New York experimental producer Patrick Grant is best known for his fantastic guitar skills and his interesting composition, but by all accounts electronica usually takes a back burner in most of his work. By any and all EDM fan accounts, said electronica doesn’t even come close to actual EDM but stays firmly planted on the experimental side of things. Such is generally the case with Grant’s sophomore album, A Sequence of Waves, with one glaring exception: track nine, “Lonely Ride Coney Island.” Here, Grant ventures out from his usual Dadaist classical/guitar structure and goes right past ambient electronica into legitimate EDM territory.
“Lonely Ride Coney Island” doesn’t give the impression at first that it will be anything other than ambient electronic music as it opens, with not much of beat and, surprisingly, none of Grant’s ubiquitous guitars. The track is indeed more along the lines of a spacey, modernized version of a Tangerine Dream song for nearly the first half of the track. Then it is surprisingly the introduction of a quit clearly analog drumset and finally the guitars which push this track into EDM territory. Why? Quite simply the setup and the beat which follows. As the track moves into the guitar and drum portion, there is an actual drum break and buildup into this section. The spacey, ambient vibe continues and that definitely adds to it but now because of the drums, which straddle house and old school breakbeat we suddenly have a danceable electronic track: EDM.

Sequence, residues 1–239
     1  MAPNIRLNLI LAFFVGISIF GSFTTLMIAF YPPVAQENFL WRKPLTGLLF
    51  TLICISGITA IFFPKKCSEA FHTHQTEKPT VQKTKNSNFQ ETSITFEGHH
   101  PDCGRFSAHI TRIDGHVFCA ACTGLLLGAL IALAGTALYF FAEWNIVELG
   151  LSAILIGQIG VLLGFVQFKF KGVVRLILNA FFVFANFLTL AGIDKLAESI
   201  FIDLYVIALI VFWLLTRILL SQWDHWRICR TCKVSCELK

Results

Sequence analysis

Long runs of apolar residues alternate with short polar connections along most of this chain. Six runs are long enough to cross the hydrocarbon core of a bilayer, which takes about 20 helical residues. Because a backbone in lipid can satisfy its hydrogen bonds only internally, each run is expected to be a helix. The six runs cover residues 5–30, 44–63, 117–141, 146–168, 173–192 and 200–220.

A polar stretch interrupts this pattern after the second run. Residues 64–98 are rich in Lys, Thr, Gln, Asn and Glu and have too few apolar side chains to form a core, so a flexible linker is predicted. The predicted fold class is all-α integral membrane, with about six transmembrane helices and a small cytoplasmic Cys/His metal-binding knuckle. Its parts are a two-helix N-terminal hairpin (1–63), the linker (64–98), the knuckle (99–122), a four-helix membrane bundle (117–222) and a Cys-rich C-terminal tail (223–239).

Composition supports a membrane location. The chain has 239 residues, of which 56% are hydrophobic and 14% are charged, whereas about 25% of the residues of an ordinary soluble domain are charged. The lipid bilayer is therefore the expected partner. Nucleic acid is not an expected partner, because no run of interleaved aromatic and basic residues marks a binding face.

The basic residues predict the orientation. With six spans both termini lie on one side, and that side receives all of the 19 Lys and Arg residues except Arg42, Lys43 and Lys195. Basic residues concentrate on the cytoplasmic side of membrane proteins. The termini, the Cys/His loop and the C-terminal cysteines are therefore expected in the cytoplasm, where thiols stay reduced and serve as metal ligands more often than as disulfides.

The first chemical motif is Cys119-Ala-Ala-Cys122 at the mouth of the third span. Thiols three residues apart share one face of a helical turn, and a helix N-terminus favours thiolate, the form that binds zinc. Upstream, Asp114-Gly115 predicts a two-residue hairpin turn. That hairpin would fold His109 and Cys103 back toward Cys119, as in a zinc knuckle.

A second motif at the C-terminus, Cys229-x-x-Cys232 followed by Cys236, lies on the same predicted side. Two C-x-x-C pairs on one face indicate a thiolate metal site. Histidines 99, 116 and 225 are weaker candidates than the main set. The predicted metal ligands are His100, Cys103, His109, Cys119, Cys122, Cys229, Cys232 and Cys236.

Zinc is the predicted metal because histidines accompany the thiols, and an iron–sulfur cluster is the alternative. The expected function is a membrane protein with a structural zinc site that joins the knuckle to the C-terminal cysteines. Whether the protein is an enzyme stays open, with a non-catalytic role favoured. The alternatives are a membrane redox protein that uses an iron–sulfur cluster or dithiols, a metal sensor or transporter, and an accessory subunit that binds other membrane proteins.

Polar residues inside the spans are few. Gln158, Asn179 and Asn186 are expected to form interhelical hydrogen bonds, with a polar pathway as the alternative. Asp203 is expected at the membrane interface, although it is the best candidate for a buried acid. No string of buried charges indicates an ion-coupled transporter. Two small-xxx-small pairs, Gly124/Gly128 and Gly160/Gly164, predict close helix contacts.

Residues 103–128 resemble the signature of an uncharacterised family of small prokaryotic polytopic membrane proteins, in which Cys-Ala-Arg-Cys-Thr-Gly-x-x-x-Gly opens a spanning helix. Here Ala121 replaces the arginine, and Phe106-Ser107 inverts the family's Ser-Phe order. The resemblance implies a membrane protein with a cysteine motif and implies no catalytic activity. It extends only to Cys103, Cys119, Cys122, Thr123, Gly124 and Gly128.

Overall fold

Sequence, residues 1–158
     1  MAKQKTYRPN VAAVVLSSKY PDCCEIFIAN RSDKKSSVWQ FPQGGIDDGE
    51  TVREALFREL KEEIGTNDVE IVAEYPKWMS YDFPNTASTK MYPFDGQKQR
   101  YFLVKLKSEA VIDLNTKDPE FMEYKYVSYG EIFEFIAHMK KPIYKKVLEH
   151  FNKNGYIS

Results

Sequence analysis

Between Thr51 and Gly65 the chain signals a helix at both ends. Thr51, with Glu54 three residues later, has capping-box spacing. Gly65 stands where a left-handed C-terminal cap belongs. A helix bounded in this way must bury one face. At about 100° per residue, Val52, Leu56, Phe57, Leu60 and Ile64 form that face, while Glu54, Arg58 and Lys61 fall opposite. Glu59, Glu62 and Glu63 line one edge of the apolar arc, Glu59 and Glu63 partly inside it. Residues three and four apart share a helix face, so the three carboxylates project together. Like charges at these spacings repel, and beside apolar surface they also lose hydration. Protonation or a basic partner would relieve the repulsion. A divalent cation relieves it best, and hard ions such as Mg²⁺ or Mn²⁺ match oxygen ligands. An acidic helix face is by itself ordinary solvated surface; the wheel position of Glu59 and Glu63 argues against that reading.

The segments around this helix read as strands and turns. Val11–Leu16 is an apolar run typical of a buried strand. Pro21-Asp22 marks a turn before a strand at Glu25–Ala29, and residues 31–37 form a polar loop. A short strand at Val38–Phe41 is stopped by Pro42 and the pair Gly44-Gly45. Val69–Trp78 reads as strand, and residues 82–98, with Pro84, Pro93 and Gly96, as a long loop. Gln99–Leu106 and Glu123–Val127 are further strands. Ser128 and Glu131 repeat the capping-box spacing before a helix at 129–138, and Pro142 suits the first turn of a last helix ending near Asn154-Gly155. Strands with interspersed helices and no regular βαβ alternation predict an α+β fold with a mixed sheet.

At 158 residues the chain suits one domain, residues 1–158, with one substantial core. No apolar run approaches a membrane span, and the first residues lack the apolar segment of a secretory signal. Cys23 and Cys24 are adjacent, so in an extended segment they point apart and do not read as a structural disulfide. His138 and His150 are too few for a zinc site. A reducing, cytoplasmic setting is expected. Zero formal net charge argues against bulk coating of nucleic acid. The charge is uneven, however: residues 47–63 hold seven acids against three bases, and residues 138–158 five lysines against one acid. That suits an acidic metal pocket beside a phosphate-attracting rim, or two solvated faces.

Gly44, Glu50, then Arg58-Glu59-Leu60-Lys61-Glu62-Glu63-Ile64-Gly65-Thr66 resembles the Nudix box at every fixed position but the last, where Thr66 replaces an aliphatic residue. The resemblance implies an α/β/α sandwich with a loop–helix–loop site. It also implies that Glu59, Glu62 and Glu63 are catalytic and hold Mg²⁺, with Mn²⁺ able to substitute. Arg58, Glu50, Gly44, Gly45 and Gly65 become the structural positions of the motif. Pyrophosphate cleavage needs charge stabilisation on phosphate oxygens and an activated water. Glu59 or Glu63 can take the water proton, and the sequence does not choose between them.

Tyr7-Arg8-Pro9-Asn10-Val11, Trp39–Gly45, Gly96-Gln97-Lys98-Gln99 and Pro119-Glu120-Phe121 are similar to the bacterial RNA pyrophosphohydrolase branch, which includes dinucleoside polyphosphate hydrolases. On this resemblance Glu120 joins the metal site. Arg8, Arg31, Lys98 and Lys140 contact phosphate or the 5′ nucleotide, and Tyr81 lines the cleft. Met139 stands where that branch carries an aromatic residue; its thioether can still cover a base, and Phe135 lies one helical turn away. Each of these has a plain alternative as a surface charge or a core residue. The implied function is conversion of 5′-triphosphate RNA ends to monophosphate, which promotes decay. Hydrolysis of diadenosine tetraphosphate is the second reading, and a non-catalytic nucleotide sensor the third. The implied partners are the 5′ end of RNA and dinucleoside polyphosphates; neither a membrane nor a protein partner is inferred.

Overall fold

It’s unclear whether Patrick Grant intended to move the ambient, spacey work that is “Lonely Ride Coney Island” into EDM territory, but that’s what he effectively had. Listening to the track it’s almost like listening to the birth of EDM out of the miasma of ambient electronica. It’s an interesting study in what pushes electronic music into electronic dance music.